How to Play Pickleball: Pickleball Rules

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What are the Rules for Pickleball?

Pickleball is a sport that borrows elements from both tennis and ping-pong and turns them into their own unique sport. The combination of familiar elements from other sports, combined with the specialized equipment for pickleball, have made an exciting new sport that has taken off around the country.

Pickleball Rules

Pickleball can be played on any tennis court, or on specially made courts that follow the dimensions for a pickleball court. When using a tennis court, it is important to make sure that the court is twenty feet by forty-four feet total in length, and that there is an area that takes up seven feet on both sides of the net. The net itself should be hung at thirty-six inches, with the center at thirty-four inches. For more info on nets, check out our review of the best pickleball nets.

In order to play, there are specialized pickleball paddles that are easier to play with due to their box-like shape, but in a pinch normal ping-pong paddles can be used as a temporary solution. Or, you can grab a good pickleball equipment set that has everything you need for a game. Making sure that you are playing with the correct size court is crucial when starting out playing pickleball, as playing on a court that is too large can lead to issues maintaining a volley and successfully serving the ball with the limited force provided by the pickleball paddles.

Make sure you have a good pickleball bag to put all your equipment in – click here for the ones we recommend!

You can play pickleball in pairs (doubles) or one vs. one (singles), and the rules for each are almost identical. Much like tennis, each team is set on opposite sides of the net, with the intention of causing the other team to commit a fault, such as hitting a ball out of bounds or causing a double bounce on the same side of the court. However, unlike tennis, pickleball has a longer list of “faults” than tennis or ping-pong.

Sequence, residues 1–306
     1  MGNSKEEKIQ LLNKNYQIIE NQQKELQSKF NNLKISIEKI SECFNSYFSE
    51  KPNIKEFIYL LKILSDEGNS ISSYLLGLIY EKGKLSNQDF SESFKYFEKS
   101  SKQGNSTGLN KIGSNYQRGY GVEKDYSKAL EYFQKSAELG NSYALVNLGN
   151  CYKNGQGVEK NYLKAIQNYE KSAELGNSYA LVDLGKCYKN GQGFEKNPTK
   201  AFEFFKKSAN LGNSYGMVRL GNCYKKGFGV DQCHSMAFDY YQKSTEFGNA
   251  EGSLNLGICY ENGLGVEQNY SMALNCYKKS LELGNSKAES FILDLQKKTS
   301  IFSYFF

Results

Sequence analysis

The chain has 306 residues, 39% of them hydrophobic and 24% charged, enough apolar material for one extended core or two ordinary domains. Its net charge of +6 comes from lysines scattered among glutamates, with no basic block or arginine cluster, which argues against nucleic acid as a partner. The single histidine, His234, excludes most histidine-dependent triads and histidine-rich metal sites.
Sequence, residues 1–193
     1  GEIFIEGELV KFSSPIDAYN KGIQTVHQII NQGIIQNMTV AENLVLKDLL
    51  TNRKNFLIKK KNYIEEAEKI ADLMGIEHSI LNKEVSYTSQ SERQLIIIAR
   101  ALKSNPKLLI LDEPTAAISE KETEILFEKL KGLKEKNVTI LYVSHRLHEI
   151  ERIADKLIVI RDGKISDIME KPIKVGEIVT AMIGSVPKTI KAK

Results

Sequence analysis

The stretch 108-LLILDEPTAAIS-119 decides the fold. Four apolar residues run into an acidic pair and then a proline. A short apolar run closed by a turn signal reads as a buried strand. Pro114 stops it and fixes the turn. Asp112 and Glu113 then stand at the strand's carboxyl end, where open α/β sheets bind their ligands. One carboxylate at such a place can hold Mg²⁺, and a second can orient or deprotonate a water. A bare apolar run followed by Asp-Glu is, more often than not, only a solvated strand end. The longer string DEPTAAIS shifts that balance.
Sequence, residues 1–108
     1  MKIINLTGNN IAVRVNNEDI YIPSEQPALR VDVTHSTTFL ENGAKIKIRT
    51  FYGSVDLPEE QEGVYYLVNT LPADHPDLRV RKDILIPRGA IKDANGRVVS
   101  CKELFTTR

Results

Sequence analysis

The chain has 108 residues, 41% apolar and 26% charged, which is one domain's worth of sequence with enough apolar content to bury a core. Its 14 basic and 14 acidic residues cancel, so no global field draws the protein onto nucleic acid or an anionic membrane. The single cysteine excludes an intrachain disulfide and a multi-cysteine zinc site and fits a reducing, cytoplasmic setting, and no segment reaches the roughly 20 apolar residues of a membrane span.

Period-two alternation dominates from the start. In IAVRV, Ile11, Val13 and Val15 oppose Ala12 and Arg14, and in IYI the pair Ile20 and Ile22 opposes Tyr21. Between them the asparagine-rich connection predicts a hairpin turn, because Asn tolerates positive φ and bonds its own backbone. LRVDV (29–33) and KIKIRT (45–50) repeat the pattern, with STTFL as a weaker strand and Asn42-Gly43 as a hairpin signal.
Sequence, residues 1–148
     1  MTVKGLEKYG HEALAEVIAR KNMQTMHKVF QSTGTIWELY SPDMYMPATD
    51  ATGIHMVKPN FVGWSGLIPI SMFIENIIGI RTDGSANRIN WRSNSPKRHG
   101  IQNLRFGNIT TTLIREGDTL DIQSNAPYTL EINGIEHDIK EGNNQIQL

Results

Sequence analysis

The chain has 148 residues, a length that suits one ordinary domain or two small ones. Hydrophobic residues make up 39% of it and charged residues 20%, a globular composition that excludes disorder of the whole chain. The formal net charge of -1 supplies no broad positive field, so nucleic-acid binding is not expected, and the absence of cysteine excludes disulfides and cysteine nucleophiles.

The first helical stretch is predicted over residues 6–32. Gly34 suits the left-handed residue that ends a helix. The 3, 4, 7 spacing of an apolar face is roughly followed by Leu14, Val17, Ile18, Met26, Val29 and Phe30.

Faults can include not hitting the serve in a diagonal pattern, not hitting the ball over the net (as in cases where the ball is hit but instead hits the net instead of clearing the distance into the other player’s zone), as well as other various violations that can result in the serving team gaining a point. The wide variety of faults presented in pickleball allow for more interesting changes in server and make it somewhat easier to score points in the long run. Unlike tennis or ping-pong, pickleball tends to not maintain a volley for an incredibly long time due to the allowance for the ball to bounce between being returned.

One aspect of the rules that is fairly unique to pickleball, only the serving player or players in pickleball are in a position to gain a point due to a fault by the other side. If the serving team commits a fault, they then lose their chance to gain a point that serve and the serving preference changes to the other team. If the score is even, the server for the first team stays in the right side of the court, while when the score is odd they switch to be in the left side of the court, allowing for some variation between positions during game play.

Here are some of the general rules of pickleball in more detail, such as the unique double bounce rule, as well as variations provided for tournament use.

General Pickleball Rules

One of the key rules in pickleball is the fault rule. In the case of a fault committed by the opposing team to the serving team, the serving team gains a point, putting them one step closer to winning the match. If the fault is committed by the serving team, they lose their chance to gain a point that serve and the serve switches to the opposing team. Faults include not serving the ball diagonally, not hitting underhand during the serve, not passing the net while serving, hitting the ball out of bounds or not hitting before a secondary bounce, or volleying the ball in the area between the net and the rest of the court. This seven-foot area is known as the “kitchen,” and acts as a no-volley zone to prevent spiking for safety reasons during play.

A major rule in pickleball is the double bounce rule. When a ball is being served from one court to another, it must bounce once before the opposing team can hit it back. After this, it must be allowed to bounce once before being served back to the opposing team. This must be done before starting a volley, and if these instructions are not followed, a serve that is not allowed to double bounce is counted as a fault.